Except, of course, those in the HIP industry who have been left in the lurch. I take no pleasure or satisfaction knowing that peoples livelihood will be directly affected by this statement today. I don’t blame the new coalition for that, there really was no other way of reversing this other than to stop it in its tracks, ambiguity would have amounted to torture.

    Nobody is saying that the buying and selling process is perfect and it does need re-invigorating, but this should have been technology lead, not by creating an even greater paper trail. We need to have fully electronic local authorities who can turnaround search requests in days, not weeks as it right now (we were promised this back in 2005). The Land registry should have continued looking into the ‘online matrix’ and lenders really should be working closer together to share standards across the board. These are the issues which have been sidelines and starved of money while we created an army of DEAs.

  19. Phil Smith Says:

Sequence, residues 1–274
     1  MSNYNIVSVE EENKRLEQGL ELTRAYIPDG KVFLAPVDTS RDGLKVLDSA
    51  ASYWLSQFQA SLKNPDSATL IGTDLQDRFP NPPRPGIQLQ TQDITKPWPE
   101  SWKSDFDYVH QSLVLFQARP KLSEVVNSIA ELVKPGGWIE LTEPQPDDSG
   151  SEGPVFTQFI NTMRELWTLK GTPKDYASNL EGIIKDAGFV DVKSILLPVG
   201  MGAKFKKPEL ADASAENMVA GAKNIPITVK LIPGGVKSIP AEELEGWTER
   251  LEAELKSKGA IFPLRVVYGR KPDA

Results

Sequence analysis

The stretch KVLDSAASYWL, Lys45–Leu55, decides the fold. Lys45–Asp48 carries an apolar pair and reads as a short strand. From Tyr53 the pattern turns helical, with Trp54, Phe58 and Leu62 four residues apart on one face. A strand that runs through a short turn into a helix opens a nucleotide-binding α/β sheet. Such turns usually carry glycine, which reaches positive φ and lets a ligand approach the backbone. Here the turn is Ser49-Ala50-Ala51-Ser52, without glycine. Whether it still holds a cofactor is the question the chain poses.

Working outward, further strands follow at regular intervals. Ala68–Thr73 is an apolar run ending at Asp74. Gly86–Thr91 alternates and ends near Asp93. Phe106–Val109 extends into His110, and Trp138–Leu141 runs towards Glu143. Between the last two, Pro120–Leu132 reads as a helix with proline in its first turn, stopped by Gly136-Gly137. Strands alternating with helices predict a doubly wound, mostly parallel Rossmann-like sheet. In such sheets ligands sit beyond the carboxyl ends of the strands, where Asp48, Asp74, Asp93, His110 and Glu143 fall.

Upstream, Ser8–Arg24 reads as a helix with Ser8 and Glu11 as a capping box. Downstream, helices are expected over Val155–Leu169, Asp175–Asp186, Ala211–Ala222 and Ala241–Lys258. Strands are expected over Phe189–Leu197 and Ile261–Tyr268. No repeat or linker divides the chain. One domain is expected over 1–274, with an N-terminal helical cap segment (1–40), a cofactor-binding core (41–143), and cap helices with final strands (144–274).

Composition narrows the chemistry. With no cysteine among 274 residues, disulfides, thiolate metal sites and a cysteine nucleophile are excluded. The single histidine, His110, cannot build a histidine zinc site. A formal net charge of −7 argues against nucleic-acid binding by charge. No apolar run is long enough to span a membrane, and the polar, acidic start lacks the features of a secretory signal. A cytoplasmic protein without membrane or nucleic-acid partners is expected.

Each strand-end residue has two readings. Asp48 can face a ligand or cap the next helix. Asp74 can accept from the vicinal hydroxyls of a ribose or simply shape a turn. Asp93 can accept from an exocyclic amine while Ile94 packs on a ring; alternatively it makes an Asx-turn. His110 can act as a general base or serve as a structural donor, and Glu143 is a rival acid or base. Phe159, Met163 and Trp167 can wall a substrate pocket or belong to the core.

HIP, HIP HOORAY!!

    At long last the total waste of time HIP and all the associated “none jobs” bite the dust.

  20. Complete waste of time and money another crazy Labour idea. Thank god they have gone. People who signed up to do this type of work have been making an easy living and few hundred quid for a couple hours work, complete joke. Most people conducted this work P/T or as an addition to there other job…..welcome back to the real world. Fantastic news..Well done the government!!

  21. I must say i am deeply sorry still for the problems i have caused. All these issues will wash through in the next 15-25yrs. Any way i am off to retire and let these boys sort out all my mess(funny smile on face). Ps dont vote Labour..

  22. Gary Santo Says:

    I read with interest the above remarks to those of you who have slagged us off please think of this, some of us have scrimped and saved to train for what we thought could be a new star.t Myself I was unable to carry on the work I was doing because my health was fading, so I sold my Caravan and anything else to try and train for a better life. How dare you people accuse us of thinking it,s an easy way of earning a pound.
    Gary Santo………DEA

  23. Gordon Brown Says:

    Dear Gary Santo , sorry but you are no longer my problem thanks for voting for me though. Atleast you made a good killing from the scam whilst it lasted eh? Love your former prime minister x

  24. Phil Smith Says:

    If the HIP had been fit for purpose and included a survey or at the very least, a valuation then it might have survived.

    Fact is that the HIP’s on both the house I purchased and sold last year were read by no potential purchasers and the information in them not relied upon by either conveyancers!!